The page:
As the University of Montana announces new policies on the reporting of sexual assault, the primary advocate for victims at Carroll College says her peers across the state should make the most of the widely available tools for an effective prevention and response program.

UM this week announced that five students had left the school following investigations into as many as nine sexual assaults. The school unveiled a series of new steps to prevent and respond to the crime.

Kelly Parsley, health science instructor at Carroll and creator of its victim advocacy program, said she is prohibited from saying how many sexual assault reports she receives, and she contacts police only with the consent of the victim (although many other campus staffers are, in contrast, required to report suspected sexual assaults to police.)

Whatever the number, there were no sex offenses reported to police from Carroll since 2006 and seven since 1998 (including off-campus incidents), according to data in the current Carroll student handbook and the college website.

“I would say, you have all the resources at your fingertips to do it right,” she said of other college’s looking to tackle the issue. “There are so many excellent prevention programs and there are so many excellent campus policies out there and so many alcohol-abuse prevention programs out there. … It’s as simple as doing a little research and putting some campus resources behind it, rather than letting the student activity fee try to cover some of the costs. Actually build into your budget a formal way to support this.”

Very often, Parsley doesn’t find out about the assault until well after it occurred. Some students have waited until the school year to report assaults that happened in the summer.

Montana, she said, has a couple of laws to encourage reporting. First, victims and witnesses are immune from prosecution for most alcohol-related violations that might arise. Second, the state has a fund to pay for the rape investigation kits used by hospitals that can cost $600 to $1,200. And, that evidence must be preserved for a time if the victim does not choose to pursue criminal charges right away.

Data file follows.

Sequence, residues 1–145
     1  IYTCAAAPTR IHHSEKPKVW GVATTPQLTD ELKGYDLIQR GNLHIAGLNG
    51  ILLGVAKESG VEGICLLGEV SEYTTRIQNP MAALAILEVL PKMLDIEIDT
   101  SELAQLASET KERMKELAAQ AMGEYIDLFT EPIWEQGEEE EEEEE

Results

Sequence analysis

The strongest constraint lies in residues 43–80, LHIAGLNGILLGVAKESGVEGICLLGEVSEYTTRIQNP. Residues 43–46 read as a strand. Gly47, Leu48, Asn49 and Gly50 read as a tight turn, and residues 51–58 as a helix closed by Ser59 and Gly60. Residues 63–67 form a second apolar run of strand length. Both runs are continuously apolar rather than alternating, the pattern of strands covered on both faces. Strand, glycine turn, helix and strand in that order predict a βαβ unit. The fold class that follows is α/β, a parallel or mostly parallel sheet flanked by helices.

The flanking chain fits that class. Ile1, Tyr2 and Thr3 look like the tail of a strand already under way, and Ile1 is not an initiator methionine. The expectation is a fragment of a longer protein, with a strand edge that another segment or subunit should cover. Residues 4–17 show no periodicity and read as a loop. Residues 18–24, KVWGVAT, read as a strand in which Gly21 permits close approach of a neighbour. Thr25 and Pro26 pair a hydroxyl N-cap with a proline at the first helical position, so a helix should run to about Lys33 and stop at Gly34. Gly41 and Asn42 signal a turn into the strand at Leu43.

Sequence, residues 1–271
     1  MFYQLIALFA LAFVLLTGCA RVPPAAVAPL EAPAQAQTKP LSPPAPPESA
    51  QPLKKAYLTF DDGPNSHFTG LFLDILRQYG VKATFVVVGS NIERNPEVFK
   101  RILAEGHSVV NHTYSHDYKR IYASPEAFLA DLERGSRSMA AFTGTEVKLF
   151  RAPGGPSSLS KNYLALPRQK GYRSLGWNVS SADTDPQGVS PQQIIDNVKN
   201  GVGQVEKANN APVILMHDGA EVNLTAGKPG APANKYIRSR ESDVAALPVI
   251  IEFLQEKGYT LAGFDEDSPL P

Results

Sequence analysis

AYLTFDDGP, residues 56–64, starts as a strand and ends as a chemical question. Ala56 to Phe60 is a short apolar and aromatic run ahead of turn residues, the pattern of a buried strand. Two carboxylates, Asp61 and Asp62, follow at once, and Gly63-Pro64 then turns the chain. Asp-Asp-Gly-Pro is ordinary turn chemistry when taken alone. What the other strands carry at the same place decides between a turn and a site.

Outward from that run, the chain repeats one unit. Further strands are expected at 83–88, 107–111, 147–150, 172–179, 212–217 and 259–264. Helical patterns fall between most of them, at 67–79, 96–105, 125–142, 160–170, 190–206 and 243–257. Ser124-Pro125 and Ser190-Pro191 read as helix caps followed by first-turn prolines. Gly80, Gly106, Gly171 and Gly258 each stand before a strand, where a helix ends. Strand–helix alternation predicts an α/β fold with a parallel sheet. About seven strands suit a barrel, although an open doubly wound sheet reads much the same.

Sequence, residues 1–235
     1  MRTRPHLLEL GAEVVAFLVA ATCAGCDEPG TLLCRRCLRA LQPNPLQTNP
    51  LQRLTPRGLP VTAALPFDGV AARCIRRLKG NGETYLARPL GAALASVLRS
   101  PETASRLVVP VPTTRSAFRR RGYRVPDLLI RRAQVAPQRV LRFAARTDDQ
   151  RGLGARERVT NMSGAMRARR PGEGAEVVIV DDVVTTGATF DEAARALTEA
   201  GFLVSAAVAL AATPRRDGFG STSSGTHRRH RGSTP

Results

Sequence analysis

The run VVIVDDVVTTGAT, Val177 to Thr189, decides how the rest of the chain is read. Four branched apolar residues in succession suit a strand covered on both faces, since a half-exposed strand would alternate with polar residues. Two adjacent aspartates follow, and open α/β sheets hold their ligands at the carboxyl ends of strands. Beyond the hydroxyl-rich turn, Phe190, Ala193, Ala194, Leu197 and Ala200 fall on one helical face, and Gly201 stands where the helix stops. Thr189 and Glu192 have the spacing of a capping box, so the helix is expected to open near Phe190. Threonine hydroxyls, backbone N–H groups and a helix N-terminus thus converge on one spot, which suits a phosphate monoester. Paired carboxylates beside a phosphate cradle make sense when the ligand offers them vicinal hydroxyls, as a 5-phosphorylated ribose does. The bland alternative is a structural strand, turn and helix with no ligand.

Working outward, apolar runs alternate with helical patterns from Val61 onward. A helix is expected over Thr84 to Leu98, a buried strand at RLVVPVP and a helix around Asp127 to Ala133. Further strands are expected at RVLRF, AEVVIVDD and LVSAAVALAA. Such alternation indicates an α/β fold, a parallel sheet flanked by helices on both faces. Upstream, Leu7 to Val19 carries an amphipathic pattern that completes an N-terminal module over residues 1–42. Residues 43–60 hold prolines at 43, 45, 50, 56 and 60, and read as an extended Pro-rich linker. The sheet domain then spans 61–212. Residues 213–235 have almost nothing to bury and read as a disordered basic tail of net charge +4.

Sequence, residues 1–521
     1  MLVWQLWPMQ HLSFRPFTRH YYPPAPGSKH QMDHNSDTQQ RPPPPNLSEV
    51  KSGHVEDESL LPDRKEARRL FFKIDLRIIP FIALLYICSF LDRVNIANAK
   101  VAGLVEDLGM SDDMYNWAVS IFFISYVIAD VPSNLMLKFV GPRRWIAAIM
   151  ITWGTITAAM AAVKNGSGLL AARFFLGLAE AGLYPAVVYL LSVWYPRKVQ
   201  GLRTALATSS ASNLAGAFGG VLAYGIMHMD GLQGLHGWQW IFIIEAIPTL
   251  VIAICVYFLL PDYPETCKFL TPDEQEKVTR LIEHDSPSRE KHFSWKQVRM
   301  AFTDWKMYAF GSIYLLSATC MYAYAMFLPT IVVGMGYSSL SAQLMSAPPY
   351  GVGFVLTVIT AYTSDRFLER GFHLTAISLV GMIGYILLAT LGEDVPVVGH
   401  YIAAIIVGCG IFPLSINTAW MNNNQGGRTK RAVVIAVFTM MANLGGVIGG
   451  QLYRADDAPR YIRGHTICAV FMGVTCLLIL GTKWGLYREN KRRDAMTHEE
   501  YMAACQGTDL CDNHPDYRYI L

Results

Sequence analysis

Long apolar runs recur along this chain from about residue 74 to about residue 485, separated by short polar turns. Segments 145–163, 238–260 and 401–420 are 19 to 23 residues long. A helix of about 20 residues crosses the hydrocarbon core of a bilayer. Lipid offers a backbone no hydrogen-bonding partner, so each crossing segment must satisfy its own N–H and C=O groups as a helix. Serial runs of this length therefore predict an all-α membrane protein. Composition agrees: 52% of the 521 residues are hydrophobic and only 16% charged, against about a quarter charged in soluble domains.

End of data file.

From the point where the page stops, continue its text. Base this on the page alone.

Parsley, who serves on state and national panels on sexual assault prevention and has spoken on the subject around the country, said she can count on one hand the number of sexual assaults she’s addressed in the past 16 years that did not involve alcohol.

She said most “partying” among students happens off-campus, but the college has undertaken several steps in the past five years to reduce binge drinking.

All incoming freshmen must complete online training on behavioral issues and the junior-senior banquet is now alcohol-free, as are all college-sponsored events on campus.

Parsley said she tries to get her name out to the students when they first arrive. She talks with athletic teams, both men and women, about avoiding becoming a victim, protecting friends and stopping assaultive behavior by others.

Tailgating at football games has been scaled down, for example, and a couple of busts of parties early in school years may have impacted student drinking.

The statistics in the student handbook show a significant reduction in alcohol violations, from 162 in 2008 to just 31 in 2010, although some of the alcohol discipline is handled internally, with students required to pay the same fines and perform community service just as they would if the issue were handled in city court.

Reporter Sanjay Talwani: 447-4086 or


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